What should you do with the leftover cash from your April pay packet?
With the country confined to their homes, many households have seen their outgoings fall dramatically as a result of no daily commute, no eating out in pubs or restaurants, and shops being shut.
Research from the Centre for Economics and Business Research (CEBR) last week suggested average monthly household spending is £795 lower than before the lockdown measures were introduced.
The questions is: what should people do with this extra cash?
Create a rainy day fund
There are a whole host of savings and investment products to consider if you have some spare money, but before you look into any of them, the first thing you should do is set up an emergency fund, if you don’t already have one.
If this crisis has taught us anything, it’s that our jobs and finances could be at risk without warning.
“Everyone should have three to six months’ worth of expenses in an easy access account for emergencies,” says Sarah Coles, personal finance analyst at Hargreaves Lansdown.
“The risk of facing an emergency is so much higher at the moment that if you don’t have a safety net in place, it should be your first and only priority.”
Laura Suter, personal finance analyst at AJ Bell, agrees. She says even £50 a month is a step in the right direction.
“With so many people facing uncertain financial futures, it’s reassuring to have a cash safety net to fall back on. By putting away little bits of money here and there, and topping it up with any lump sum savings you make – getting a refund on your season ticket, or a refund from a holiday booked for example – can mean it adds up quickly.”
Rates on easy access accounts are pretty dire at the moment – the best you can get is 1.2% from Marcus or RCI Bank – but don’t get too hung up on rates. This is your emergency fund, so you need to be able to get your hands on the money immediately.
You could also consider premium bonds as these can be cashed in quickly and there’s a chance of winning a prize of up to £1m in the monthly draw.
Pay down debt
Once your ‘rainy day’ fund is in place, you should then start paying off any unsecured debt.
Coles says: “If you have expensive debts like a credit card, this is an opportunity to pay them down. If your circumstances change during the crisis, you can freeze debt payments, but the interest will build up, so it’s far better to reduce them as much as you can with any spare cash.”
Andrew Hagger of personal finance site Moneycomms, says it would take someone who has a £3,000 balance on a credit card at 19.9% APR paying £120 each month two years and eight months to clear their debt and cost them £806 in interest.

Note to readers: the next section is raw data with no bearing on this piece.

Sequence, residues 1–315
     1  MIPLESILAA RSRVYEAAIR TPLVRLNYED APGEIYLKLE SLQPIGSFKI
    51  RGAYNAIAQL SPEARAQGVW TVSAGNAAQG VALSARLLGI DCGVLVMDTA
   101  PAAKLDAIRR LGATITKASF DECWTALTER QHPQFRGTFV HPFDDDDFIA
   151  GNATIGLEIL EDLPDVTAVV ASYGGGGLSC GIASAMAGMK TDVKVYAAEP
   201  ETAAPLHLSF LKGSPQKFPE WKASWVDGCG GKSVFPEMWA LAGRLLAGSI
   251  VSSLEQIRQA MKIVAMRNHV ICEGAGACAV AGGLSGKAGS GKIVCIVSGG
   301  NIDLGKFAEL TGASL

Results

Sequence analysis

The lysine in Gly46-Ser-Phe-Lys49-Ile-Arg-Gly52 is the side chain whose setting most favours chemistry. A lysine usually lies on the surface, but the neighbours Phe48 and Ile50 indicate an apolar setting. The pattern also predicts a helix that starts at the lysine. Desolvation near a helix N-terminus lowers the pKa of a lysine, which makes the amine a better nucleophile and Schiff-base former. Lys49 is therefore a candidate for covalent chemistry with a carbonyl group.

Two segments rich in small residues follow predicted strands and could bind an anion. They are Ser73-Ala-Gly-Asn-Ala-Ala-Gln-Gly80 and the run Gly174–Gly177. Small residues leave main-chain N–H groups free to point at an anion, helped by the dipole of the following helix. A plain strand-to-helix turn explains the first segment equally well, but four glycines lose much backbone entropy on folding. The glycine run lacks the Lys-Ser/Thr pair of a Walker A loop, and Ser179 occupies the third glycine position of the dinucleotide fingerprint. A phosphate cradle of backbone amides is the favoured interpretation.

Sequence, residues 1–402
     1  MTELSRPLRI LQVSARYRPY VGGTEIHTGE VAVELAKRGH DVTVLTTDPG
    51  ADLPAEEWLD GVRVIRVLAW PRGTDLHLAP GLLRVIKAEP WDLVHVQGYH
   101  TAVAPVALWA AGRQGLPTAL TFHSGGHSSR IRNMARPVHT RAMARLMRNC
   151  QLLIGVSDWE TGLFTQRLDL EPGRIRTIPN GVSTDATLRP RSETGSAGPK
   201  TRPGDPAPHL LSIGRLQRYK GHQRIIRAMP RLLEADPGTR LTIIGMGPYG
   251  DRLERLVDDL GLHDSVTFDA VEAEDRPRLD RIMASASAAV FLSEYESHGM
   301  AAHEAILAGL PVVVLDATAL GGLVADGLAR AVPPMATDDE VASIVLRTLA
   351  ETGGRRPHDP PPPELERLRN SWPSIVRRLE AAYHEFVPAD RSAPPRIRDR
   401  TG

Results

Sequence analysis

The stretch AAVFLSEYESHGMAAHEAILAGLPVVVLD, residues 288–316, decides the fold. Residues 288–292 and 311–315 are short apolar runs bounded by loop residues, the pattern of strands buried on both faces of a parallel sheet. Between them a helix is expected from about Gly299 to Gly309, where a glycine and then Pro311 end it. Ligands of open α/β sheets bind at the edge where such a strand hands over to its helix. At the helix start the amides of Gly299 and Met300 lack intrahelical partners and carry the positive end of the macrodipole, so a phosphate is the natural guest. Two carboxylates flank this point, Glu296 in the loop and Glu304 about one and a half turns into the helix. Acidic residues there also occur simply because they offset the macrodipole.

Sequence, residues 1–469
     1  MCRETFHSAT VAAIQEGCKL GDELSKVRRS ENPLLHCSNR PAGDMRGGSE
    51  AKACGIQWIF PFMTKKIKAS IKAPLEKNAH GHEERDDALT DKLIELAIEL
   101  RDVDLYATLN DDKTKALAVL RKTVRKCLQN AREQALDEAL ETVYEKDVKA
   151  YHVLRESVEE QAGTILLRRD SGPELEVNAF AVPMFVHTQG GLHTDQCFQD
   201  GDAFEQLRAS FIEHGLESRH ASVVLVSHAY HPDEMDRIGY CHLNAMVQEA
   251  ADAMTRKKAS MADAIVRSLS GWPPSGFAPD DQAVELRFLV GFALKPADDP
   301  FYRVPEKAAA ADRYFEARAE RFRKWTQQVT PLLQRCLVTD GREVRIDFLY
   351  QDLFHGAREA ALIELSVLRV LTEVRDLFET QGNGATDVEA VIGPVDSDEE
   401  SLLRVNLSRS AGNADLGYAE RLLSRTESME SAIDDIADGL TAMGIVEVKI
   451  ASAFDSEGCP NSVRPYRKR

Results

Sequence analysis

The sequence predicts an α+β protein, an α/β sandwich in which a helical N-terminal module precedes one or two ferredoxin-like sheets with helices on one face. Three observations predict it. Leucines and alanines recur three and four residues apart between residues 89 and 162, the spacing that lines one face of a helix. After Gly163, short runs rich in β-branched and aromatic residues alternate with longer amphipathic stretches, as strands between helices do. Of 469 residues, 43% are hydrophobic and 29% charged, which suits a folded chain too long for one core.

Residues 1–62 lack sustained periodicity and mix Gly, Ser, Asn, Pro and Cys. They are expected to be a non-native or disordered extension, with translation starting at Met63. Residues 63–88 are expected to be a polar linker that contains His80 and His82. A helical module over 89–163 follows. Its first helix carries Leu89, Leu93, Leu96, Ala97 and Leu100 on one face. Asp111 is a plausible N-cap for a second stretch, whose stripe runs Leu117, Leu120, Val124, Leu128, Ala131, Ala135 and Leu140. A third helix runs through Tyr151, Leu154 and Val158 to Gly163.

However, if they paid an extra £50 on top each month, it would be paid off in one year and nine months and cost £522 in interest, saving them £284.
If they paid an extra £100 on top each month, the debt would be paid off in one year and four months and cost £389 in interest, saving them £417.
Hagger says: “If you consider the amount of savings in interest charges, you’d get nowhere near earning that on savings at the moment.”
You could also look into overpaying your mortgage. Most lenders allow borrowers to repay up to 10% of the loan amount each year without penalty but it’s worth checking the terms and conditions of your product as some come with Early Repayment Charges if any amount is paid off before the end of the initial fixed or tracker rate period.
Save or invest
If you have no debts and your emergency fund is in place, you could start thinking about more long-term savings and investment options.
If you want to play it safe, you could look at fixed term savings accounts, which are offering higher interest rates than easy access account products.
You could also consider regular savings accounts, which also typically pay higher rates. However, as the name suggests, these require you to save a minimum amount each month (usually £25) and often come with strict terms such as withdrawal limits.
The rates on these accounts won’t blow the lights out as savings rates have being tumbling across the board for months now.
The best regular savings rate you can get is 2.5% from Coventry Building Society (until 6 May, when the rate drops to 1.85%) or 2% from Halifax.
HSBC, First Direct and M&S Bank pay 2.75% on monthly contributions up to £250, or up to £300 for First Direct but you need to have a current account with them.
If you’re prepared to lock your money away for a while, RCI Bank is paying 1.9% on its five-year bond.
A good option if you’re saving for your first house and you’re under 40 is a Lifetime ISA where the government will top up your savings with a 25% bonus.
While the money paid into this account is free of both income and capital gains tax, you need to be aware that you’ll pay a 25% exit fee if you want to withdraw your money for anything other than buying your first home or before the age of 60.
If you already own a property, or it’s not a big priority, then you could look at adding more to your workplace pension.
Coles says: “If you pay into the pension, your employer will automatically pay into it, and if you increase payments they’ll often match the increase too. It’s worth getting as much free cash out of your employer as you can.”
Finally, you could invest the extra money, which is a riskier option but could be more profitable in the long run.
Suter says: “Lots of investment platforms let you set up regular investing from as little as £25 or £50 a month. So you could use your spare cash to top-up your investment account, or start one if you haven’t already.
“If you’re investing a small amount just be mindful that charges don’t eat up too much of your money, which means you’re probably better putting it in one fund or investment rather than spreading it around. There are lots of all-in-one funds out there that spread your money across different markets and help to diversify your pot.”